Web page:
The second part of this study examined the differences in tension ratings for the varying interpretations of the Morgengruss score across the four performed verses and the harmonic reduction. While the average tension ratings for the verses were very similar, differences in how participants reported tension changes support the importance of performance decisions that provide nuance to the interpretation of the score. Performer-controlled features such as loudness and tempo, less-easily-quantified articulation and sustain, and contrasts between successive verses were each highlighted as likely factors for these subtle but substantial differences in the tension ratings.

Analysis of ratings of the reduction underscored the importance of harmony by providing an explanation for the high tension ratings in the second phrase of each verse. It also offered an interesting case study for analyzing activity in tension ratings; having a reduction representing at least one complex feature made it easier to make sense of the complicated information contributing to the dynamics of average tension ratings.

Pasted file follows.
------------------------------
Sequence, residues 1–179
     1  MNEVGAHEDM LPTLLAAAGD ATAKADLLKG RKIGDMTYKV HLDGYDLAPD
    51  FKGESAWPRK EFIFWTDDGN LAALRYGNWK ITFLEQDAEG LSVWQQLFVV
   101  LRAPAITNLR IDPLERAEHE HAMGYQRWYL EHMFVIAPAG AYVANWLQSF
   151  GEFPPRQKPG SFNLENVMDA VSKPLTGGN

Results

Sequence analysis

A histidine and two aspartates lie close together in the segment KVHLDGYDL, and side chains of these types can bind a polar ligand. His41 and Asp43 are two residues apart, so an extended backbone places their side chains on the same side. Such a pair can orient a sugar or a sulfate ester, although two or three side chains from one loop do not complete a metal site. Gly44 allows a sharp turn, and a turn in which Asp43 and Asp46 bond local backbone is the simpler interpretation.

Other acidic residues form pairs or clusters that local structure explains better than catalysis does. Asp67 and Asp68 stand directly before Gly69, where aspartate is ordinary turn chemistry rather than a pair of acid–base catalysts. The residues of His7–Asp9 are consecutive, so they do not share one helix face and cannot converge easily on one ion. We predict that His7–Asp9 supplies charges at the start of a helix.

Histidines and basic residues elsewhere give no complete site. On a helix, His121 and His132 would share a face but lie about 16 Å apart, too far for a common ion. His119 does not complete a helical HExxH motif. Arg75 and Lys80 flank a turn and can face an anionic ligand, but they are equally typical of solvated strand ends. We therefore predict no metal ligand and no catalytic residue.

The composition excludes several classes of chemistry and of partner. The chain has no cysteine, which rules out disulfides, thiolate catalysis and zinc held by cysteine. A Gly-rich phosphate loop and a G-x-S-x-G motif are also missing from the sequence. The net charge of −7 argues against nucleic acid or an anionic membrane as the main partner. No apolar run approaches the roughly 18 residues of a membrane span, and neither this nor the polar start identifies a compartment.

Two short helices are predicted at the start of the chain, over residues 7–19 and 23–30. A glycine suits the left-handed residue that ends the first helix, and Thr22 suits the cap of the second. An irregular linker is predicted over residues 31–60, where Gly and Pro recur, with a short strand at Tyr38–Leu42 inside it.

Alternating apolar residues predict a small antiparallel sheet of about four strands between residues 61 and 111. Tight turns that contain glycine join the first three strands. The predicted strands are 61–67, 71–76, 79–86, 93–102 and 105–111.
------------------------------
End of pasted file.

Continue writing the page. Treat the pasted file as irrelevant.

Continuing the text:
There is some precedent for comparing tension or other continuous ratings between interpretations of a common work (Fredrickson and Johnson, 1996; Goodchild et al., 2010), as well as comparisons between section repetitions within pieces (Livingstone et al., 2012). In the current study, the expressive range and multiple verses in Morgengruss provided particularly fruitful data for exploring the effects of performance parameters. In prior work, most comparisons of performed interpretations of a common score have been limited to noting dramatic contrasts or making vague claims due to insufficient tools for assessing the reliability of differences or the significance of small changes in the average time series. By using rating-change activity levels and a novel approach to assessing the significance of coordination at each moment of the music, it was possible to detect salient differences in tension-rating behavior at a finer temporal scale than employed in previous work. Combining activity analysis with local coordination measures also provided new evidence that contrary rating activity is a common and important phenomenon that justifies using representations of continuous responses that acknowledge the multiplicity of perceptions reported.